King Kong Remake Demonstrates Special Effects Can Breath New Life Into Any Stale Old Premise
on 10/21/2006 (0)
HOLLYWOOD - Lackluster, though still significant box office returns on director Peter Jackson's high tech remake of the venerable, though somewhat exhausted classic, King Kong clearly illustrates that "you can take any tired old premise that is done to death, jazz it up with hi-tech digital effects, and make a few decent bucks" according to BlueScreen Inc. digital effects artist Austin Globe.
|Dear ol' little Jap guy in a suit Gamera, what does the digital future hold for thee? |
"King Kong and Titanic are just two great examples of a growing, profitable trend of Hollywood classic remakes that are given new life by computer generated effects. Indeed, this is just the beginning. As CGE becomes more powerful and are capable of ever more convincing, dramatically realistic simulations, no premise, regardless of how tired or old, can be tossed aside and labeled as exhausted. Furthermore, cartoon characters, comic book heroes and even fiction novels from the early 19th and 20th century are fair game, as evidenced by The Incredible Hulk, Fantastic 4, Spiderman, and War of the Worlds remakes, each time offering the movie goer with a fresh experience on an old story line.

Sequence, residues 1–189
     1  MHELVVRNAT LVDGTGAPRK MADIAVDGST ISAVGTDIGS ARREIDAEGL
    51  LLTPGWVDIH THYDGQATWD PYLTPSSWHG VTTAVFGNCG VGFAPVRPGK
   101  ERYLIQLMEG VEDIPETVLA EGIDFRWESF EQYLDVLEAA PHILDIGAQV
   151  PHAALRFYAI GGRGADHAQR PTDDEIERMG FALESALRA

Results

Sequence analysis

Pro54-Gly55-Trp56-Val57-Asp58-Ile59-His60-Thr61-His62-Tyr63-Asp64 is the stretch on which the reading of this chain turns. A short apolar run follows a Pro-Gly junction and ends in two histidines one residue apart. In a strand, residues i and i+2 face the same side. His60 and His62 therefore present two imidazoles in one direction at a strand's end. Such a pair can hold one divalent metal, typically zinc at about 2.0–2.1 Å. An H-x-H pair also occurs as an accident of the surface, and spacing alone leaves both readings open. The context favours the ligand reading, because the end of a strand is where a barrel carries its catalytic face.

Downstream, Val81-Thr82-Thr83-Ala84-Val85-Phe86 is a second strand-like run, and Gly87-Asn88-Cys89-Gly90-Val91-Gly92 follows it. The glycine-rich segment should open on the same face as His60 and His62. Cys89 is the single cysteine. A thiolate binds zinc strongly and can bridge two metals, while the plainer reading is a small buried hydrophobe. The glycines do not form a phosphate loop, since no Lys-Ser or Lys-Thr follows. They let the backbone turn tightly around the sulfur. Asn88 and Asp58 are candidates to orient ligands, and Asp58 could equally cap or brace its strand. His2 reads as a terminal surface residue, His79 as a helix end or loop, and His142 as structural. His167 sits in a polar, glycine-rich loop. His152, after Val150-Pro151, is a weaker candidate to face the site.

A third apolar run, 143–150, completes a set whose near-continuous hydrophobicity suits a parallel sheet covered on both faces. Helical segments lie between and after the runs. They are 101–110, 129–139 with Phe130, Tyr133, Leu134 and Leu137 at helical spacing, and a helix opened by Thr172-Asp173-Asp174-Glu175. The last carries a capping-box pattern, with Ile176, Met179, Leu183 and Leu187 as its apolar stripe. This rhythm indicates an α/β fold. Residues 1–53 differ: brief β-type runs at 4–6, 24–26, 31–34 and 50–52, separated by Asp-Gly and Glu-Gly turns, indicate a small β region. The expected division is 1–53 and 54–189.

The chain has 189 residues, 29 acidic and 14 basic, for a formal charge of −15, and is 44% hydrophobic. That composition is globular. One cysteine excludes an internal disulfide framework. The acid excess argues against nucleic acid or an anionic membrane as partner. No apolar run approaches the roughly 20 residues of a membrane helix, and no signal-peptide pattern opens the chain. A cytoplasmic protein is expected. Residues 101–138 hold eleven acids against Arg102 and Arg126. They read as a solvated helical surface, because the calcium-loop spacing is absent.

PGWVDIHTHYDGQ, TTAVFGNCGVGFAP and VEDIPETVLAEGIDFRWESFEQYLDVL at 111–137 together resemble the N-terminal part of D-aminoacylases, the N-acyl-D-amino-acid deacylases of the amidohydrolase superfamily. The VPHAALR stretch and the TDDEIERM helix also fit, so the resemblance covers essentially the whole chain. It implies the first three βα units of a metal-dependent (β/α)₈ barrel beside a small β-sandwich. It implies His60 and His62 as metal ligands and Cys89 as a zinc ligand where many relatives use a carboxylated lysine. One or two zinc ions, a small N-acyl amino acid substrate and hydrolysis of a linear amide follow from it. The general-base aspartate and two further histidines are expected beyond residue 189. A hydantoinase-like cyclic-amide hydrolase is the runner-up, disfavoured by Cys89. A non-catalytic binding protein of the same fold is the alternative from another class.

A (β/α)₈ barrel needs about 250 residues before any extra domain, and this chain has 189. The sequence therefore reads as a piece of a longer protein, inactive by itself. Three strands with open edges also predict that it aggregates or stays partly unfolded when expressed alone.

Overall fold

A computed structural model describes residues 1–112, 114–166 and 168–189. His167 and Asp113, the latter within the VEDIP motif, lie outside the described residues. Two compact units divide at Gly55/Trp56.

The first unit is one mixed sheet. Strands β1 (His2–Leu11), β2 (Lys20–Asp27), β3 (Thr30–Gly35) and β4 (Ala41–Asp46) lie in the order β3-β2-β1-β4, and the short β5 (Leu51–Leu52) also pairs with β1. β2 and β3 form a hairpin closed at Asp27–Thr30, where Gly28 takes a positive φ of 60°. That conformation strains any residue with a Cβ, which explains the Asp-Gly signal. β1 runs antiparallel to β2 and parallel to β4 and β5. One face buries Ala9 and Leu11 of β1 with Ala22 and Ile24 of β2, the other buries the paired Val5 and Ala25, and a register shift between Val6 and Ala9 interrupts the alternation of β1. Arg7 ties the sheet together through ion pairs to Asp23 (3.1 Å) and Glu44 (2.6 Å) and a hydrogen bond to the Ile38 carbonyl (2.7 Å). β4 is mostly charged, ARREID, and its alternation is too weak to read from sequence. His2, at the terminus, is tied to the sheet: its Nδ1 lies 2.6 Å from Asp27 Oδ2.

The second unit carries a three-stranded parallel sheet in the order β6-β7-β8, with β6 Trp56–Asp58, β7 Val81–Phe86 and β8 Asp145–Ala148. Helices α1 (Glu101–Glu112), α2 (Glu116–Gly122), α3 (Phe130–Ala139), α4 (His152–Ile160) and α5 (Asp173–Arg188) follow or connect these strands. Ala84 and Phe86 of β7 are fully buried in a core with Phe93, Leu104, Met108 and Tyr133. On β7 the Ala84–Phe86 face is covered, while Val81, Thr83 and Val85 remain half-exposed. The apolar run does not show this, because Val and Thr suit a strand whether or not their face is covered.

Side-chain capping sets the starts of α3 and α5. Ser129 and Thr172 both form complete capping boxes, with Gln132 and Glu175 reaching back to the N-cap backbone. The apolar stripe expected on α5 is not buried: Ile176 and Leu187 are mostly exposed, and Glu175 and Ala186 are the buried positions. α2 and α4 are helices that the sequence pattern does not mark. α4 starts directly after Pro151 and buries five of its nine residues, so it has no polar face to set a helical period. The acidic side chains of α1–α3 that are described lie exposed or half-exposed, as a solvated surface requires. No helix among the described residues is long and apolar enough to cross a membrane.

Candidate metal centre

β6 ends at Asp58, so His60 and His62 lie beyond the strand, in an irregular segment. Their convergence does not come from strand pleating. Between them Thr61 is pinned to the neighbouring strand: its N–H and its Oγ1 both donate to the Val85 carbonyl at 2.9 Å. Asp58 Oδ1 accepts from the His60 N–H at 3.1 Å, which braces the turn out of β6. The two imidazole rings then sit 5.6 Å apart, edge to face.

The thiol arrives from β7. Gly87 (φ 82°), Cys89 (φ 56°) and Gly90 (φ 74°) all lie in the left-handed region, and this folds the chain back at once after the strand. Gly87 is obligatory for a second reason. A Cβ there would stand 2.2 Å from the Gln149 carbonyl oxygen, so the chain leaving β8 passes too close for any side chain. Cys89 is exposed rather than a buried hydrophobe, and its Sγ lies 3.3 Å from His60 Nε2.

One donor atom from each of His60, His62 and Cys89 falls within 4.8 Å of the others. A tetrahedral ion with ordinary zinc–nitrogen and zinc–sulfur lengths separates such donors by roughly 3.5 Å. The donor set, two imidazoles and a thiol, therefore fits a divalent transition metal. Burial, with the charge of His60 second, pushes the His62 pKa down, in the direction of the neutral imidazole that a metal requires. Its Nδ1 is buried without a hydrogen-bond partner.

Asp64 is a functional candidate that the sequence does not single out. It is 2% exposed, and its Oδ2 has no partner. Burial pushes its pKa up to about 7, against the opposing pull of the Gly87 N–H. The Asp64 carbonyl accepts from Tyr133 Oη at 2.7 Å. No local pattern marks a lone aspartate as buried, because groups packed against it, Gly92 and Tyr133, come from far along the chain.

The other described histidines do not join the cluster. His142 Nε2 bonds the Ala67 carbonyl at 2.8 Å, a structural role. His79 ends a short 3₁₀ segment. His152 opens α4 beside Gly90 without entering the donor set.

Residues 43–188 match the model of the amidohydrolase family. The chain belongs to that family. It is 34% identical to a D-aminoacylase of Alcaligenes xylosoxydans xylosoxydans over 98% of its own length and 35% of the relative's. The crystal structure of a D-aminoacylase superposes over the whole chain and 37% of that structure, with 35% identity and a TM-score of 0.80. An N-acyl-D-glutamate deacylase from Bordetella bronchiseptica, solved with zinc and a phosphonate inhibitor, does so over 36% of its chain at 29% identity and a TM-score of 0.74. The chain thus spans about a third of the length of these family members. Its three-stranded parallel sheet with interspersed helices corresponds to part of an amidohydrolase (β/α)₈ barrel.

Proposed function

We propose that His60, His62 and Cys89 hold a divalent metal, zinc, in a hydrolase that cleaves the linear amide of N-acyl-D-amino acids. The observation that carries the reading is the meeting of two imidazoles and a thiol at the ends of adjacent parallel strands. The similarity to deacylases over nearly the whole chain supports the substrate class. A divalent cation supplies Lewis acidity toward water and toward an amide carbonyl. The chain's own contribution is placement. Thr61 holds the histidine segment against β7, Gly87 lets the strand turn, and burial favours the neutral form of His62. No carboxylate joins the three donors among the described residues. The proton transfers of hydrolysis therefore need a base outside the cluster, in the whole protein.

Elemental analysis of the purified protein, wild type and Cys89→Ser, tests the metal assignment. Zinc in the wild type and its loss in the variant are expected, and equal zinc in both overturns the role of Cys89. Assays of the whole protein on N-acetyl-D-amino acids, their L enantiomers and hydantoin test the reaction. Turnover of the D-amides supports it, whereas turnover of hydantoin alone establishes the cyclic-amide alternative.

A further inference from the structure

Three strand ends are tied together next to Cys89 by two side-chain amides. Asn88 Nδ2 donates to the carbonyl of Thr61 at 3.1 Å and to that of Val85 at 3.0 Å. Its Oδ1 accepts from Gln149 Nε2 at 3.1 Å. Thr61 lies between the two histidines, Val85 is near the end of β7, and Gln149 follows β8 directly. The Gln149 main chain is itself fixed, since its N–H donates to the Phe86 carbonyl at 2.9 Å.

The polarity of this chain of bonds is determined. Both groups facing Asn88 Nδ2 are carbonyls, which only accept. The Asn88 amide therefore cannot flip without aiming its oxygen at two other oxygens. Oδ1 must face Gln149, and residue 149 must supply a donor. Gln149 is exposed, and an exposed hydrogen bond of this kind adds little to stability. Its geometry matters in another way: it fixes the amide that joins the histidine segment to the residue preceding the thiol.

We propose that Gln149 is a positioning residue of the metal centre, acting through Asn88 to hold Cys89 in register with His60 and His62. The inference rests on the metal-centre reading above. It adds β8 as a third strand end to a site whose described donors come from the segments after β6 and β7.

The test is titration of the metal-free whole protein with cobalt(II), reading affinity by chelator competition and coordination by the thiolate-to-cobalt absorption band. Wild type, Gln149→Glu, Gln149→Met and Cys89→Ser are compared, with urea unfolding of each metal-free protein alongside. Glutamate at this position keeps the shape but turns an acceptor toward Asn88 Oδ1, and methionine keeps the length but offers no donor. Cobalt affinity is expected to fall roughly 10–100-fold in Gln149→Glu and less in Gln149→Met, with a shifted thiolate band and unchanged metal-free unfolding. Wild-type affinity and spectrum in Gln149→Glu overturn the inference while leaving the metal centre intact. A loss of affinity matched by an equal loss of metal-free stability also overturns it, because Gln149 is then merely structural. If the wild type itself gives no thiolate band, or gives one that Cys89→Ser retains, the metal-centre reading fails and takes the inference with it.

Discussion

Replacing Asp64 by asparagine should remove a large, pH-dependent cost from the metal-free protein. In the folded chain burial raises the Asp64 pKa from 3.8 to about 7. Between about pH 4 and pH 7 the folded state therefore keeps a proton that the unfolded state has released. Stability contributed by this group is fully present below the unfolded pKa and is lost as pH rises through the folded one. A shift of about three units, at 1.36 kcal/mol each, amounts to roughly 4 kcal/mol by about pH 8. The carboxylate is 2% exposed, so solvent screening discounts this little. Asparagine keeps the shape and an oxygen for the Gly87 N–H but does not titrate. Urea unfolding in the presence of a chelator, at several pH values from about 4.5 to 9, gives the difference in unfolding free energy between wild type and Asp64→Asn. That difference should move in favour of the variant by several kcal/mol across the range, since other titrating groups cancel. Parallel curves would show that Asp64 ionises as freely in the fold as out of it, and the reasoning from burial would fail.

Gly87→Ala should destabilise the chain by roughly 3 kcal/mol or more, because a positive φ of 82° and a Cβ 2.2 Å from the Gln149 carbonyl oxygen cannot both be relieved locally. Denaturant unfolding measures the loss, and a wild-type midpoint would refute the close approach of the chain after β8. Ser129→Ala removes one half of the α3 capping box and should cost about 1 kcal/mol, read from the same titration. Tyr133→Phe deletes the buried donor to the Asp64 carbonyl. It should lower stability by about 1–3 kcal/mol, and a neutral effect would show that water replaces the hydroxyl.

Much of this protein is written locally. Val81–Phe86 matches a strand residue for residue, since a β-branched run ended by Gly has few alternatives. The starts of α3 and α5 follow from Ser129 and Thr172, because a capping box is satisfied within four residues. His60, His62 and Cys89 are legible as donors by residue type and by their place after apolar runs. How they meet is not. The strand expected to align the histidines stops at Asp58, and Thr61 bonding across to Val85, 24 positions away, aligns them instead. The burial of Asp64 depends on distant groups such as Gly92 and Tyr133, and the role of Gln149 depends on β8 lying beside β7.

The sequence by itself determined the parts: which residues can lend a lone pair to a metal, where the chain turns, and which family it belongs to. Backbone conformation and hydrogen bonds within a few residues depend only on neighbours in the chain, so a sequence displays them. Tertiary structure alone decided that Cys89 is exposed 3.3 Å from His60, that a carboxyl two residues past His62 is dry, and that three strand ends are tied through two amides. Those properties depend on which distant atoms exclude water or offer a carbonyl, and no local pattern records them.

Globe took several CGE stills from his desk drawer, shuffling through them quizzically.
"The next genre we're considering attacking is the B grade Sci-Fi movies from the 1950's and 60's like Forbidden Planet, The Blob, Reptilicus, The Time Travelers, Plan 9 from Outer Space, and even that cheesy camp classic Attack of the Killer Tomatoes. The beauty is, with special effects you can make a winner out of any of them, and people will flock to see them for the jazz and jangle of that visual aspect alone."
Globe scratched his chin and pondered professionally
"Furthermore, the very-near-future holds a new technique involving "sampling" scenes and voice tracks of deceased actors and bringing them back to life. Who wouldn't pay 8 bucks to see Bruce Lee fight Jackie Chan, or John Wayne back in the saddle again? The only limitations are in our imaginations and technical capability."
Globe acknowledged that a fair measure of responsibility comes along with any remake, (Godzilla, rendered with the full force of digital wizardry, will still be remembered as a little Japanese guy in a monster suit stomping on toy sky scrapers), and the potential controversies created by reviving the dead (If John Wayne is brought to life again, will the old Indian fighter John Wayne be politically incorrect in today's multi-cultural climate? And if we decide to resurrect Bruce Lee to fight Jackie Chan, what happens if we decide that Jackie Chan wins?)
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